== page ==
Credit: Newsday/John Paraskevas

NYPD Transit Officer Kenneth Wengert, also a union delegate for the Police Benevolent Association, testified that Valva appeared “stoic” when he arrived at the Bittersweet Lane home on the morning of Jan. 18, 2020, to offer support.

Wengert, also testifying under subpoena, said he avoided having a conversation with Valva about the circumstances surrounding Thomas’ death because the case was under investigation. He testified that he accompanied Valva and his ex-fiancee, Angela Pollina, to the Suffolk County Medical Examiner’s Office in Hauppauge later that day to identify Thomas’ body. 

“I would say he was stoic and not functioning as he normally would,” Wengert testified when defense attorney Anthony La Pinta asked him about Valva’s emotional state that day. 

Valva was much more emotional later that day, according to Wengert, who said he was “weeping, wailing, moaning and crying” after viewing Thomas’ body at the morgue. 

Under cross-examination from Suffolk Assistant District Attorney Laura Newcombe, Wengert testified that while he was aware of issues between Valva and the boys’ mother Justyna Zubko-Valva, Valva never complained to him about Pollina and never said she was “domineering,” a characterization that Valva’s defense attorneys have repeatedly used to describe Pollina.

 Wengert also testified that he was aware that Valva had established a GoFundMe page to raise money for Thomas’ funeral expenses. Valva had told him that he had been struggling with financial problems and didn’t have money for the funeral.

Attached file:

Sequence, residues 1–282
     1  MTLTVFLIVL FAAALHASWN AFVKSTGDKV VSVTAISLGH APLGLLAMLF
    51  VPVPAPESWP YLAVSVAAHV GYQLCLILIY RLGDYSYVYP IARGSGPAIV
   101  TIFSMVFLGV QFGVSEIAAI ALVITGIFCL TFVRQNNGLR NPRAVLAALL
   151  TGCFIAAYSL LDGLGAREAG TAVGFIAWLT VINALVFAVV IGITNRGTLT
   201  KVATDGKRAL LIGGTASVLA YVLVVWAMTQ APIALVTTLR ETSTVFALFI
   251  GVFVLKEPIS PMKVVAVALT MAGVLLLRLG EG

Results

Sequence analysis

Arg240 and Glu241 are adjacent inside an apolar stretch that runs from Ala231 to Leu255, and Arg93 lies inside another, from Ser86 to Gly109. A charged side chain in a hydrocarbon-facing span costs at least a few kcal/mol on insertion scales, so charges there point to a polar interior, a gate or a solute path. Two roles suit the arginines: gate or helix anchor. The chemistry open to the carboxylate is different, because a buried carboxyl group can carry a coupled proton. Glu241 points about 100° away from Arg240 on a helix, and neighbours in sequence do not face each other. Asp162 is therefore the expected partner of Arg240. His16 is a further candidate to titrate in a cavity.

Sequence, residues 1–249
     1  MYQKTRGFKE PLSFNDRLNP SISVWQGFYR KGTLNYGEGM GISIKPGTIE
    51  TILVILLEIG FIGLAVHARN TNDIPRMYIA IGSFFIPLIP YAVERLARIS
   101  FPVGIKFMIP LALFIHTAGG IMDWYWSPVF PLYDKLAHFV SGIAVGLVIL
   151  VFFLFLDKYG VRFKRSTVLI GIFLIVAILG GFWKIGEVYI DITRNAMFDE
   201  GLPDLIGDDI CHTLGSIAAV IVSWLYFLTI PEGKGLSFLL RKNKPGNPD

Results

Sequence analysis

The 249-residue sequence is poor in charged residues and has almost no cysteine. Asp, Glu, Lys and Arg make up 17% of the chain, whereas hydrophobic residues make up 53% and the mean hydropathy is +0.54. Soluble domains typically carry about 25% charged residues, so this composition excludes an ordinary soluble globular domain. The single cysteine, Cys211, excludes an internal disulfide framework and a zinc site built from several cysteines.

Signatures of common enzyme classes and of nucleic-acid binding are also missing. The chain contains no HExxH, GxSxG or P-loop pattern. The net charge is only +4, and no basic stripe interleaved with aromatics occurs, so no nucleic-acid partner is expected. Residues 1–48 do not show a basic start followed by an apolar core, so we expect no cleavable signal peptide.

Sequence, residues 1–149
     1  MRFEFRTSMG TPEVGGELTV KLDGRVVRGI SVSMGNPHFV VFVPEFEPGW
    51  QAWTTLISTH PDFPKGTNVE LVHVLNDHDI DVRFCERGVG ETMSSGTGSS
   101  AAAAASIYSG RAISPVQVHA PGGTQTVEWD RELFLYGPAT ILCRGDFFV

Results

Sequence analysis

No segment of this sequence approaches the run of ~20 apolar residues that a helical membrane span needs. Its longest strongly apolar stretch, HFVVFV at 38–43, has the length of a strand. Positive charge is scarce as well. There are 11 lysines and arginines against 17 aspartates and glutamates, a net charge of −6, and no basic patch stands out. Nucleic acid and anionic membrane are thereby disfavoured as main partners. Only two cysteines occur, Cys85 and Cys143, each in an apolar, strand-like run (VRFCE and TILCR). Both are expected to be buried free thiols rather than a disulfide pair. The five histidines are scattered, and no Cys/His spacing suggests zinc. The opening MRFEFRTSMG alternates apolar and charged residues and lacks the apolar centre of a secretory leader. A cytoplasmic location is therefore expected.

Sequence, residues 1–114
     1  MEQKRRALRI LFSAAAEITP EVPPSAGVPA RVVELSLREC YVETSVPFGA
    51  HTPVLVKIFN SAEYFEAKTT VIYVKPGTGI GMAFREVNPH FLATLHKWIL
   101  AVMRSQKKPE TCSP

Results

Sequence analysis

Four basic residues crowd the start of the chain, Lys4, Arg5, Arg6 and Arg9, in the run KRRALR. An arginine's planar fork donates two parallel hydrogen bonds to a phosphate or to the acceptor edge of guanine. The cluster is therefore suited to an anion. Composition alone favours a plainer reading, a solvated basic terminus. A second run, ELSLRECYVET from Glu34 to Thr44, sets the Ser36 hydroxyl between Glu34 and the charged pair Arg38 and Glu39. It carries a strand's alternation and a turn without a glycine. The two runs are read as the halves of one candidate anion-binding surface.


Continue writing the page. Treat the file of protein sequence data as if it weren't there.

In his redirect, La Pinta asked Wengert if he was aware that Valva had taken advances from his pension in the years before Thomas’ death. Wengert said he had not previously known that.  

Later Tuesday, Steven M. Troyd, a private investigator hired by the defense, narrated a series of text messages between Valva and Pollina from 2018 to 2020.

Thomas Valva in an undated photo.

Thomas Valva in an undated photo. Credit: Courtesy Justyna Zubko-Valva

The texts presented by Troyd, who was hired by the defense to prepare a PowerPoint presentation with the messages, appeared to support the defense claim that Valva was overwhelmed financially and emotionally from a lengthy custody battle with Zubko-Valva, and was forced to stay in the relationship with Pollina, despite her treatment of the boys, because he had nowhere else to go. 

In a Feb. 26, 2018, text message exchange, Pollina accused Valva of fighting for custody of this three sons because he did not want to pay child support to Zubko-Valva. 

“Of course I love my kids,” Valva fired back. “I’m no deadbeat dad.” 

“You want a life with me, then give them back,” Pollina replied. 

 In another text exchange, dated Feb. 7, 2019, Valva told Pollina he understood that she had to leave the house to blow off steam and pleaded with her to return home. 

“I want that [expletive] kid out of the house,” she said, referring to Anthony. 

Other text exchanges detailed the financial problems the couple experienced after they moved in together, with Pollina complaining that their mortgage was $4,200.  Pollina urged Valva to move out and take his sons with him. 

“Give me a chance to find a place first so they’re not living out of a car,” Valva responded in a Feb. 7, 2019 text. 

Pollina told Valva, “foreclosure is your favorite.” Valva wrote back: “And dumping me is yours.”  

In another text exchange, Pollina appeared angry at Valva for letting the boys in the house when she was not home. “You did this when my back was turned,” she said. 

 In a Dec. 21, 2019 text, Pollina appeared upset that she never saw Valva anymore because he was working nights for additional money. 

“I’m trying so hard to make it all work,” Valva replied.  

Condon told jurors that they could begin deliberations as early as Thursday afternoon.

Lead Valva defense attorney John LoTurco also informed the court that his client would not testify at the trial. Asked directly by Condon if he had decided not to testify, Valva replied, “yes, sir.”